Charcot–Bouchard aneurysm

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Charcot–Bouchard aneurysm
Other names: Miliary aneurysms, Microaneurysms
a) Charcot–Bouchard aneurysm in superficial cortical layer b) higher magnification of CBA with fibrosis and foamy macrophages c) CBA in the mid cortex, trichrome stains collagen blue and focal fibrin red d) CD163 immunostain highlights macrophages surrounding and within the CBA
Diagnostic methodCT or MRI brain scan

Charcot–Bouchard aneurysms are aneurysms of the brain vasculature which occur in small blood vessels (less than 300 micrometre diameter). Charcot–Bouchard aneurysms are most often located in the lenticulostriate vessels of the basal ganglia and are associated with chronic hypertension.[1] Charcot–Bouchard aneurysms are a common cause of cerebral hemorrhage.

Retinal microaneurysms are seen in conditions like diabetic retinopathy,[2]: 498  HIV related retinal microangiopathy,[2]: 467  sickle cell retinopathy,[2]: 533  idiopathic macular telangiectasia[2]: 601  etc. In diabetic retinopathy, due to breakdown in blood–retinal barrier, microaneurysms may leak plasma constituents into the retina, or it may thrombose.[2]: 498 

Signs and symptoms

If a Charcot–Bouchard aneurysm ruptures, it will lead to an intracerebral hemorrhage, which can cause hemorrhagic stroke, typically experienced as a sudden focal paralysis or loss of sensation.[1]


Charcot–Bouchard aneurysms are aneurysms in the small penetrating blood vessels of the brain. They are associated with hypertension. The common artery involved is the lenticulostriate branch of the middle cerebral artery. Common locations of hypertensive hemorrhages include the putamen, caudate, thalamus, pons, and cerebellum.[citation needed]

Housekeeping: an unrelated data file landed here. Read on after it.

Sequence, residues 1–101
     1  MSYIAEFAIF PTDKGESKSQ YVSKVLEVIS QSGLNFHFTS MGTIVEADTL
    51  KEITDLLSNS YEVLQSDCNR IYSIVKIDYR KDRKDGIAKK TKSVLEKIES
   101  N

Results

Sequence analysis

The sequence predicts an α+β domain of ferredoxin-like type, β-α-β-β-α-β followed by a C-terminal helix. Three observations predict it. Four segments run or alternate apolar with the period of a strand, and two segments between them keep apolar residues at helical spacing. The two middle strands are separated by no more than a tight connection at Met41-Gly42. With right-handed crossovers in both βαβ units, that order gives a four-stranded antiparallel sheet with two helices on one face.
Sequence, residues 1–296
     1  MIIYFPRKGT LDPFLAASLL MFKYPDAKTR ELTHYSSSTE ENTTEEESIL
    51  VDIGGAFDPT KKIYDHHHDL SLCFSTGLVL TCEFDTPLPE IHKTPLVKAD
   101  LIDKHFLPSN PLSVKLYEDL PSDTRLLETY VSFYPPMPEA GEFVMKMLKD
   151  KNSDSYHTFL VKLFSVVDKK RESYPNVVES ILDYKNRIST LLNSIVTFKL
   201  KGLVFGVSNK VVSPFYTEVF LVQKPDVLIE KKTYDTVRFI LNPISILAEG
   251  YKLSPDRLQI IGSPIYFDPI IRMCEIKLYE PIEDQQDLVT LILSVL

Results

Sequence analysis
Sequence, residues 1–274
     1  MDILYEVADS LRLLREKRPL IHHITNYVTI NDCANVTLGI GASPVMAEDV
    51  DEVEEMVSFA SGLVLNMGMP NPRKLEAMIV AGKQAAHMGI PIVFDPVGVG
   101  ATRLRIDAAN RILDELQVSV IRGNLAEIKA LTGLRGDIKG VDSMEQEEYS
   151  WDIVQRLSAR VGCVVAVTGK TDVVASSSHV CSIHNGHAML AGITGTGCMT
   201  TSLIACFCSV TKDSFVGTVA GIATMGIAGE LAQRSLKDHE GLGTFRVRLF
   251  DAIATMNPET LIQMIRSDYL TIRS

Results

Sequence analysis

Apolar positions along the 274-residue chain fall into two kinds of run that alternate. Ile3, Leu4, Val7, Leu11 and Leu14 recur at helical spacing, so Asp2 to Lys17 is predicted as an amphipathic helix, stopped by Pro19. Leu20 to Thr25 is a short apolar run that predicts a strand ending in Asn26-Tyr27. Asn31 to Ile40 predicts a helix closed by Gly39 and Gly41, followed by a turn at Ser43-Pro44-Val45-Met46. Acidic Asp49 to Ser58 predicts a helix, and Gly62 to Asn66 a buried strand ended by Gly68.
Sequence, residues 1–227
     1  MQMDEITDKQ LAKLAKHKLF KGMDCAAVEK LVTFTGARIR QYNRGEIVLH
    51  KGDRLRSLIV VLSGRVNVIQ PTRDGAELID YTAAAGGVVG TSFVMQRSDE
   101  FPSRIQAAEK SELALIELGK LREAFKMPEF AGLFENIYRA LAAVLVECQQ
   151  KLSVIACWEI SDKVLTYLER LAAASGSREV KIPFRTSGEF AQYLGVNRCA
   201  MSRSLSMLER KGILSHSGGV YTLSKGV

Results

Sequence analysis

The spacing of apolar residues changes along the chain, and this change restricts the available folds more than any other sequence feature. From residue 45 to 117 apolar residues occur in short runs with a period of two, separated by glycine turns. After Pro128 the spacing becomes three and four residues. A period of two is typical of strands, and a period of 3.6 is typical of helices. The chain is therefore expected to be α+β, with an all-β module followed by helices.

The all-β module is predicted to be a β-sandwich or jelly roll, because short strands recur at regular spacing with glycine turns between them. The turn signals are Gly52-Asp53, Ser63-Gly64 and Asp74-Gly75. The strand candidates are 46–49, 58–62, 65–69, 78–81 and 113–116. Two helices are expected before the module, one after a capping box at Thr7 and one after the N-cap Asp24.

As with any aneurysm, once formed they have a tendency to expand and eventually rupture, in keeping with the Law of Laplace.[3][4]


Usually not detected by CT angiography.[4] Retinal microaneurysms can be diagnosed using ophthalmoscopy, fundus photography, FFA, and OCT.[5]


The management of Charcot–Bouchard aneurysms in the event of intracerebral hemorrhage is:[6]

  • Secure the airway
  • Blood pressure control
  • Maintaining circulation with pressors
  • Surgery(may be needed)


Charcot–Bouchard aneurysms are named for the French physicians Jean-Martin Charcot and Charles-Joseph Bouchard.[7][8] Bouchard discovered these aneurysms during his doctoral research under Charcot.[9]

See also


  1. 1.0 1.1 Fausto, [ed. by] Vinay Kumar; Abul K. Abbas; Nelson (2005). Robbins and Cotran Pathologic Basis of Disease (7th ed.). Philadelphia: Elsevier/Saunders. ISBN 978-0-7216-0187-8.
  2. 2.0 2.1 2.2 2.3 2.4 Salmon, John F. (2020). Kanski's clinical ophthalmology: a systematic approach (9th ed.). [Edinburgh]. ISBN 978-0-7020-7713-5. OCLC 1131846767.
  3. E. Goljan, Pathology, 2nd ed. Mosby Elsevier, Rapid Review Series.
  4. 4.0 4.1 Nussbaum ES, Erickson DL. The fate of intracranial microaneurysms treated with bipolar electrocoagulation and parent vessel reinforcement. Neurosurgery. doi:10.1097/00006123-199911000-00031 . PMID 105499341999;45(5):1172-4; discussion 1174-5.
  5. Dubow, Michael; Pinhas, Alexander; Shah, Nishit; Cooper, Robert F.; Gan, Alexander; Gentile, Ronald C.; Hendrix, Vernon; Sulai, Yusufu N.; Carroll, Joseph; Chui, Toco Y. P.; Walsh, Joseph B. (2014-03-01). "Classification of Human Retinal Microaneurysms Using Adaptive Optics Scanning Light Ophthalmoscope Fluorescein Angiography". Investigative Ophthalmology & Visual Science. 55 (3): 1299–1309. doi:10.1167/iovs.13-13122. ISSN 1552-5783. PMC 3943418. Archived from the original on 2022-07-02. Retrieved 2022-12-23.
  6. Gupta, Kashvi; M Das, Joe (2023). "Charcot-Bouchard Aneurysm". StatPearls. StatPearls Publishing. Archived from the original on 17 August 2021. Retrieved 6 August 2023.
  7. synd/28 at Who Named It?
  8. C. J. Bouchard. Étude sur quelques points de la pathogénie des hémorrhagies cérébrales. Paris, 1867.
  9. Gupta, Kashvi; M Das, Joe (2020), "Charcot Bouchard Aneurysm", StatPearls, Treasure Island (FL): StatPearls Publishing, PMID 31971704, archived from the original on 2021-08-17, retrieved 2021-01-01